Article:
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  13. Gee, ATTP–I thought I outlined several better ways to determine expertise above. Did you read the post? It’s what is called ‘accepted practice.’ Sometimes even ‘best practice.’

    And gee again–the second smartest person on the planet worked in climate science for 15 years and didn’t publish much.

    That could mean one of two things: One, that I am making everything up about Freeman Dyson just to tick you off. Alternatively, it might be evidence for my thesis here–that counting publications is a rotten way to determine expertise.

    Which do you think it is?

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  14. Tom, The problem here for ATTP is that he is a coauthor on a low quality paper that is the latest in a long line of politically motivated papers of low scientific quality. As I said above, these people could actually make a real contribution if they weren’t distracted by this sideshow. Then ATTP comes here to defend this low quality paper. Why is it of any scientific importance at all to try to measure “consensus” using dubious measures of expertise? It is a political question. Some people who claim to be scientists don;t have the discipline to think honestly about the distinction, much less act on it.

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  15. What is really interesting however is the origins of scientism in the political left. The usual defense mechanisms become dogma. Dramatic problems with reproducibility are first ignored, then denied, and then minimized. In any case, for the scientism faithful, its more important to study consensus than reproducibility because the former is consistent with scientism, the worship of SCIENCE. The latter is a heretical activity that is best ignored. Ken Rice of course perfectly epitomizes this in that he is a leftist and also has a consistent track record of denial that reproducibility problems are important.

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  16. The whole Cooked-up climate charade reminds me of some of the words of the great Spike Milligan:

    “My uncle was a great man, he told me so himself.
    ‘I am a great man,’ he said, and you cannot argue with facts like that.”

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  17. I looked up Ken Rice’s publication on climate or “climate change” or “global warming”. Assuming I didn’t make some kind of mistake with the search, it returned 0 (zero) results. Not even in the New York Review of Books.

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  18. Tom,

    Gee, ATTP–I thought I outlined several better ways to determine expertise above. Did you read the post? It’s what is called ‘accepted practice.’ Sometimes even ‘best practice.’

    Yes, I did read the post. I’ve also pointed this out to you before. Impact measurements are not regarded as a good measure. There are numerous examples of people arguing that we should not judge a paper, or a researcher, on the basis of the impact factor of the journal in which their papers are published. Citation metrics are probably better. However, I do not think we had this, so we couldn’t use this. Suggesting an alternative that we could not actually use doesn’t seem like a particularly constructive suggestion.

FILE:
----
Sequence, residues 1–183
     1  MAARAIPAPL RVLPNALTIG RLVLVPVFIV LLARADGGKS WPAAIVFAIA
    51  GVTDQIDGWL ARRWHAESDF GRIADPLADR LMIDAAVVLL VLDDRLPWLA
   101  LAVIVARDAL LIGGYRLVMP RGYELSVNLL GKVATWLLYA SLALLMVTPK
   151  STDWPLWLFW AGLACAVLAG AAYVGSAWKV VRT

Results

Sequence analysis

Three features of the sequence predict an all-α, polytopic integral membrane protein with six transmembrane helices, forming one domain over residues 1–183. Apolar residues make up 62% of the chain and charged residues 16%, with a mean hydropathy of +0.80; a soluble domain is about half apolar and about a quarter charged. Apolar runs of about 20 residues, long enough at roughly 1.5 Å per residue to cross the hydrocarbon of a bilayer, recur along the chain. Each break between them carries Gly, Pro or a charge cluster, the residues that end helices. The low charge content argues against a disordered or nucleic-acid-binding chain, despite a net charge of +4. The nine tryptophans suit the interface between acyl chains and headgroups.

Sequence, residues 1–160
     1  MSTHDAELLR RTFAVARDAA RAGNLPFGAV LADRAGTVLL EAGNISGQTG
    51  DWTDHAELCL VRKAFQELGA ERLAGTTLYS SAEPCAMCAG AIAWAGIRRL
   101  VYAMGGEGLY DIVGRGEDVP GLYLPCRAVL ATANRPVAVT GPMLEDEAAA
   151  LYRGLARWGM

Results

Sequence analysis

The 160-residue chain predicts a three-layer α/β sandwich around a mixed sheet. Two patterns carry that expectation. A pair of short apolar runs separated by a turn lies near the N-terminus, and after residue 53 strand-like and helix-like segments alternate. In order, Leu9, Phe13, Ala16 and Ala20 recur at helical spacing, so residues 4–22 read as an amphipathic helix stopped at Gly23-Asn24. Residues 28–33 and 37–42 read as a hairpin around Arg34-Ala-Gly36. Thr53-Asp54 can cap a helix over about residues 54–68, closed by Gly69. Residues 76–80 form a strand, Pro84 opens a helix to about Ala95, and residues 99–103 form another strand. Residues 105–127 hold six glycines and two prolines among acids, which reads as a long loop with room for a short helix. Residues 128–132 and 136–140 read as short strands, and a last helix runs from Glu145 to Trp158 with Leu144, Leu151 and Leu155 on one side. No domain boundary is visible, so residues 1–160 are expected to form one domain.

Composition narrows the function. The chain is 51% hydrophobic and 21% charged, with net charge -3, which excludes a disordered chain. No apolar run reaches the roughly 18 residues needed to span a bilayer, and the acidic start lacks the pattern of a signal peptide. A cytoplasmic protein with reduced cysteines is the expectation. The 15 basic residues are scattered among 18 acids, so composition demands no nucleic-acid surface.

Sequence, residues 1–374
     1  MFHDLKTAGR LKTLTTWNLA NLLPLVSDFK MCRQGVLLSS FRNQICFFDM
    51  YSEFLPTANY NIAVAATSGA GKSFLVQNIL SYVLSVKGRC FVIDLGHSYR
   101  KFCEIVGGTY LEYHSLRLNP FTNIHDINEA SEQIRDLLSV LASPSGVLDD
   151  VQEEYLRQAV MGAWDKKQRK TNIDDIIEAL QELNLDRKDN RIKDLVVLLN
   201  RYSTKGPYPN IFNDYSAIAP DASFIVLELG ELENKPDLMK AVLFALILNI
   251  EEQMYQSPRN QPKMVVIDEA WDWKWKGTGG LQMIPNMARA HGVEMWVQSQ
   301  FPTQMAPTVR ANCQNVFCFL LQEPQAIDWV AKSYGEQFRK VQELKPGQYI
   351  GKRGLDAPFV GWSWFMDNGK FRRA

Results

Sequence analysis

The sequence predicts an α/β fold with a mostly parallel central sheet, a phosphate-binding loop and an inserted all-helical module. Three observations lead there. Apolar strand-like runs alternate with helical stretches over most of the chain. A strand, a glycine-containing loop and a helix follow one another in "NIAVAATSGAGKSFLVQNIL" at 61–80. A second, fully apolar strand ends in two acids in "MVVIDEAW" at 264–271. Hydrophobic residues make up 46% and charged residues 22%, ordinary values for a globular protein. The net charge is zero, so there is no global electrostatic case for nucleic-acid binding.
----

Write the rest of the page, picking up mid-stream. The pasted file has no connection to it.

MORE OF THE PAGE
clipe,
    Your point?

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  19. So, yet once again your ‘team’ (tribe, club, gang, group) must resort to defending poorly constructed research, all but concealing real numbers in favor of a preferred metric that you don’t know how to measure.

    Research design is supposed to come up with answers to this stuff before you get started. Did you ever meet with your co-authors prior to commencement of this? Not necessarily face to face, but we now have tools like Skype and Google hangouts.

    It’s classic. It’s comic. You even exemplify the difficulties you face here in this thread. I say that publication counts are flawed as a standalone product. I say that Freeman Dyson should be considered expert because he worked 15 years in climate science. You say you are not even sure he worked in climate science… because… he…didn’t… publish. And… you… don’t… spend… five… minutes… on… the… internet…to… find… out.

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  20. ATTP seems to have difficulty holding more than one idea in his mind at a time. The relative value of citation metrics and impact factors may fascinate him personally, but he needs to bear in mind: that so-called “objective” quantitative methods of assessing expertise are inherently useless; that the fact that one might be marginally less useless than another doesn’t alter the fact; that the different studies used different criteria of assessment ; that the Cook metastudy seems to have used no criteria at all, but just arranged them subjectively on a piece of graph paper to make a nice pattern; that the idea of authors ganging together to do an objective metastudy confirming their own studies is risible; and that the presence of a number of co-authors with no expertise on a paper designed to emphasise the importance of expertise makes you all a laughing stock.

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  21. Responding to these points is simply not worth the effort. Anyone associated with this site who suggest others are a laughing stock, is not someone with whom it is worth exchanging views.